This is by far, the 'best' Tosca on dvd !
    Best, perhaps; by far, no. I would not agree.

    Some contenders:

    Best Scarpia, good Cavaradossi, intense Tosca; fascinating on-location real time film.



    Best and most gracious Tosca:

    Natalie

  10. #385
    Opera Lively Site Owner / Administrator / Chief Editor Top Contributor Member Luiz Gazzola (Almaviva)'s Avatar
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    Quote Originally Posted by Soave_Fanciulla View Post
    Best, perhaps; by far, no. I would not agree.

    Some contenders:

    Best Scarpia, good Cavaradossi, intense Tosca; fascinating on-location real time film.



    Best and most gracious Tosca:

    These two are among my favorites.
    "J'ai dit qu'il ne suffisait pas d'entendre la musique, mais qu'il fallait encore la voir" (Stravinsky)

  11. #386
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    Quote Originally Posted by Soave_Fanciulla View Post
    Best, perhaps; by far, no. I would not agree.

    Some contenders:


    Best and most gracious Tosca:

    I would go for this one, if only one was allowed

  12. #387
    Senior Member Top Contributor Member Clayton's Avatar
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    Name:  andrea andermann Tosca in the settings and at the times.jpg
Views: 121
Size:  14.5 KB

    does this mean they used the Tardis to film this?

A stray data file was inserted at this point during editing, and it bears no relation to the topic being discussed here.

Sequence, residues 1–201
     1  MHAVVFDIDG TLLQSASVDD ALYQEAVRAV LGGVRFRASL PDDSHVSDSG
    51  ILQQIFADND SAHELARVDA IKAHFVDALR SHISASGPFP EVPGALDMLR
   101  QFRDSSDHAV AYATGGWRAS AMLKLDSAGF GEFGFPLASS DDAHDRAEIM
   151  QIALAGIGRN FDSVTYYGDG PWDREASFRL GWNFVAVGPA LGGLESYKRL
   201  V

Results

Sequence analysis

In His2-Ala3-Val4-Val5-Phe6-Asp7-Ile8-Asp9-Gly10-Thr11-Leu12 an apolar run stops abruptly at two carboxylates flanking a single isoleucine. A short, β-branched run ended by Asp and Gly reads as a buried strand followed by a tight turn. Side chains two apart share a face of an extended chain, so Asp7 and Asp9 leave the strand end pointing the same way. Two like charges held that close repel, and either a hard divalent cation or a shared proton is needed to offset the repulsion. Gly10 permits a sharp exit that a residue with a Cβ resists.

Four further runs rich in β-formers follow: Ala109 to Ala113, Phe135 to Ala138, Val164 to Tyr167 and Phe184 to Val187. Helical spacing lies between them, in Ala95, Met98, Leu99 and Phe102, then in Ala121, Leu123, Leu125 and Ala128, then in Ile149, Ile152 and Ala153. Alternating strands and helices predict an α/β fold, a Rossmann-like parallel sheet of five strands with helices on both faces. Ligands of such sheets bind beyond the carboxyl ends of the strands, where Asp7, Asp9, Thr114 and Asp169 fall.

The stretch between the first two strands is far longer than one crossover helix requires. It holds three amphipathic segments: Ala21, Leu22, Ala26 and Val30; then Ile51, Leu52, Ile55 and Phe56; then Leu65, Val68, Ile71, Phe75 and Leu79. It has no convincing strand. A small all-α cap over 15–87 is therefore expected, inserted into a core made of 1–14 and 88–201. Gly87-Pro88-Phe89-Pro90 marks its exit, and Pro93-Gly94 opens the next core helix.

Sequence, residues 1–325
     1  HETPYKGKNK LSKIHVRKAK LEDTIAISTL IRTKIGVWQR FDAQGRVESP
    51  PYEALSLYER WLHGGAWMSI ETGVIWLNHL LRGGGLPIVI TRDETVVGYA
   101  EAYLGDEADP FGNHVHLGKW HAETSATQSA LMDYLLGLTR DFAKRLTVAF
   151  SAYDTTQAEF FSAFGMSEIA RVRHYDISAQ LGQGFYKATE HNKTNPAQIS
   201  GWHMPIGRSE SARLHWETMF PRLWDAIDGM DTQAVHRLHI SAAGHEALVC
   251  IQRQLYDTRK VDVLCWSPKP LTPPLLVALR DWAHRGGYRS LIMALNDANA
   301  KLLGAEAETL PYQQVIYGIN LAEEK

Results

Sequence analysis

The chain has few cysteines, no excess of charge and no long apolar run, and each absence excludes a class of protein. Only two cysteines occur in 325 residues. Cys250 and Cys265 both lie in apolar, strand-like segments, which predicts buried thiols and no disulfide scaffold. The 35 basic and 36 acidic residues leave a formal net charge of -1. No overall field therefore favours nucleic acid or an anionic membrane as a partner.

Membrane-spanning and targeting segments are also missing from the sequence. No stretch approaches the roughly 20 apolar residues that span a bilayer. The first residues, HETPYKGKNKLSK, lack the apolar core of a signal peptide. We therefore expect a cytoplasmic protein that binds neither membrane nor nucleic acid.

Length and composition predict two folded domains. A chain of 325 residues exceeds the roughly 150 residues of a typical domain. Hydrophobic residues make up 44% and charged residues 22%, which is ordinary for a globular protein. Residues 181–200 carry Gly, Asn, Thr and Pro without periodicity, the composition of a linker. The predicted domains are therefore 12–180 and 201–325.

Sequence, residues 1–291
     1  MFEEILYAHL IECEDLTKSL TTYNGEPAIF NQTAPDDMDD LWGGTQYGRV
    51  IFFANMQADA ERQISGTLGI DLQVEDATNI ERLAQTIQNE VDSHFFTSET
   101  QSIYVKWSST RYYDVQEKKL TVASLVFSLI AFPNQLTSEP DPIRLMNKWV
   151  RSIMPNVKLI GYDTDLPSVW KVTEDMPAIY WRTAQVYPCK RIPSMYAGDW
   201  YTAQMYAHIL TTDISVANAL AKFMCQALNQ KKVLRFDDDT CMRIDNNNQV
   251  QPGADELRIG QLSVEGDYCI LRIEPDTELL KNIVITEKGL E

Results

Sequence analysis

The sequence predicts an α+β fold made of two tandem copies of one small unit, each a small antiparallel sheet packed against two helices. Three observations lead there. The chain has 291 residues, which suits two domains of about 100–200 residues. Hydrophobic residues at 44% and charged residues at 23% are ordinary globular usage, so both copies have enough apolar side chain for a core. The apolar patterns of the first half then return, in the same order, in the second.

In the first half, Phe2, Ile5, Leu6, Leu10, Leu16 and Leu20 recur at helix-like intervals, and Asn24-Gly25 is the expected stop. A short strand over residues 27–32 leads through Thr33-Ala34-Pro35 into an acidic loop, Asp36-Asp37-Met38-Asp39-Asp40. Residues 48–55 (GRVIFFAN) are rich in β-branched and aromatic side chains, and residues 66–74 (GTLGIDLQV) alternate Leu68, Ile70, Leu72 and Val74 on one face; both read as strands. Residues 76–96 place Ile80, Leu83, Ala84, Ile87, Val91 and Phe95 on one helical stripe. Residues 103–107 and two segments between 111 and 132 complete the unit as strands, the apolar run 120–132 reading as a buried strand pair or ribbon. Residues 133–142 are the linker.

13. #388
    Opera Lively Moderator Top Contributor Member Soave_Fanciulla's Avatar
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    Quote Originally Posted by Clayton View Post
    Name:  andrea andermann Tosca in the settings and at the times.jpg
Views: 121
Size:  14.5 KB

    does this mean they used the Tardis to film this?
    Fun thought.

    But no, they just filmed it over the time of the action (one day) at the correct times of day, on location, with an orchestra in another part of Rome on a TV relay. Which meant Domingo and Malfitano had to sing the last act at dawn after a late night, quite a tour de force for opera singers! At the time it was broadcast live.
    Natalie

  14. #389
    Senior Member Top Contributor Member Clayton's Avatar
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    Ah

    I think I remember this now. That is a big stage; I want to see it again.

  15. #390
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    Quote Originally Posted by Soave_Fanciulla View Post
    Fun thought.

    But no, they just filmed it over the time of the action (one day) at the correct times of day, on location, with an orchestra in another part of Rome on a TV relay. Which meant Domingo and Malfitano had to sing the last act at dawn after a late night, quite a tour de force for opera singers! At the time it was broadcast live.
    Did you see the "original " broadcast?
    Doming stumbles to open the door and almost fall .
    Later restored for this DVD.